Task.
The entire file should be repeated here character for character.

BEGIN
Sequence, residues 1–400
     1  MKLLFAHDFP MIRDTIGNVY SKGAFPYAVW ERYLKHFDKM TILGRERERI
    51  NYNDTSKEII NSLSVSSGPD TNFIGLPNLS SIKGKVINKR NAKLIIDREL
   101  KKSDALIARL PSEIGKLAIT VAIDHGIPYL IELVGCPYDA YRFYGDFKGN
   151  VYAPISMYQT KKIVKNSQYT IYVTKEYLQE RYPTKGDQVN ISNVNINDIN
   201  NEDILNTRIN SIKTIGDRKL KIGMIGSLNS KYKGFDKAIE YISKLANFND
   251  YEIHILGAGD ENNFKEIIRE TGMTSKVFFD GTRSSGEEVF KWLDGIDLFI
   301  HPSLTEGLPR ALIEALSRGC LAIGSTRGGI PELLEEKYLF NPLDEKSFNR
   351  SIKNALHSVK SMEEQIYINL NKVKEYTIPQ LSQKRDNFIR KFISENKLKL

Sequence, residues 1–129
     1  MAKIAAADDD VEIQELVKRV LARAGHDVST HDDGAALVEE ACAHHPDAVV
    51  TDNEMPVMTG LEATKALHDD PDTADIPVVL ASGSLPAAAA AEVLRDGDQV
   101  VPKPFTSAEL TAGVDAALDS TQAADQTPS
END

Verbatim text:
Sequence, residues 1–400
     1  MKLLFAHDFP MIRDTIGNVY SKGAFPYAVW ERYLKHFDKM TILGRERERI
    51  NYNDTSKEII NSLSVSSGPD TNFIGLPNLS SIKGKVINKR NAKLIIDREL
   101  KKSDALIARL PSEIGKLAIT VAIDHGIPYL IELVGCPYDA YRFYGDFKGN
   151  VYAPISMYQT KKIVKNSQYT IYVTKEYLQE RYPTKGDQVN ISNVNINDIN
   201  NEDILNTRIN SIKTIGDRKL KIGMIGSLNS KYKGFDKAIE YISKLANFND
   251  YEIHILGAGD ENNFKEIIRE TGMTSKVFFD GTRSSGEEVF KWLDGIDLFI
   301  HPSLTEGLPR ALIEALSRGC LAIGSTRGGI PELLEEKYLF NPLDEKSFNR
   351  SIKNALHSVK SMEEQIYINL NKVKEYTIPQ LSQKRDNFIR KFISENKLKL

Sequence, residues 1–129
     1  MAKIAAADDD VEIQELVKRV LARAGHDVST HDDGAALVEE ACAHHPDAVV
    51  TDNEMPVMTG LEATKALHDD PDTADIPVVL ASGSLPAAAA AEVLRDGDQV
   101  VPKPFTSAEL TAGVDAALDS TQAADQTPS